If there's one word to describe what it's like to witness the Perito Moreno Glacier, then that word is sublime. I had never seen anything like it — a 74 meter (240 ft) tall wall of ice that goes on seemingly forever.
The scale of it is incredible. It's three times the area of Manhattan and taller than most skyscrapers. The glacier is wedged between snowcapped mountains and it spans the 5 km (3 mi) width of Lake Argentino below. You can see most of the front face from walkways built along the lake. The walkways go on for miles and take a two or three hours to complete.
Beyond its size, what makes it so striking is its color. It looks like a blue slab of marble that seems to be glowing. It's eery and ancient and arrestingly beautiful. I couldn't walk for more than a few minutes without stopping to stare.
The sound it makes give a sense its power. It sounds like thunder or a shotgun firing in the distance. Every once and a while, I caught a glimpse of the source of the sound: huge pieces of ice sheering off the leading edge and crashing into the water below. It's amazing to think just how massive these falling pieces must be.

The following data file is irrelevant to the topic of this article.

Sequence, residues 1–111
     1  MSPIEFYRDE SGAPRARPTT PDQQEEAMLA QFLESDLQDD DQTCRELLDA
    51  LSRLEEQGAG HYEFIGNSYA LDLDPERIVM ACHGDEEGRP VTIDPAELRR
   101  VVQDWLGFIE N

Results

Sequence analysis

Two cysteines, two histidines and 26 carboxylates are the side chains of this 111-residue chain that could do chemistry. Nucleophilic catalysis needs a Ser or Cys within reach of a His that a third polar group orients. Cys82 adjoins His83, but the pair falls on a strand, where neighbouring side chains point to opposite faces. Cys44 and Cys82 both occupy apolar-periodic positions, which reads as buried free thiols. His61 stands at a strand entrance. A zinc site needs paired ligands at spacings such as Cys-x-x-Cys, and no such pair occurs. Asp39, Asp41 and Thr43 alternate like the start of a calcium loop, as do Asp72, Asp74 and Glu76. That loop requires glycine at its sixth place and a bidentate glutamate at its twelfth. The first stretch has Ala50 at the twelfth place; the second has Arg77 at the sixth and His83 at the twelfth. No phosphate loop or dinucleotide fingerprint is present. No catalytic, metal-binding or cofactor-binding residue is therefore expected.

I didn't want to miss the chance to see the glacier at close range, so I went on the boat tour. For safety reasons, they stop at 300 meters distance. On the shore, it was a pleasant temperature, about 18 or 19 degrees Celsius. But as we approached, I could feel the air temperature drop considerably. At the closest point, it felt like it was just above freezing.
Perito Moreno turned out to be a highlight of my trip. If you have the opportunity, I highly recommend checking it out.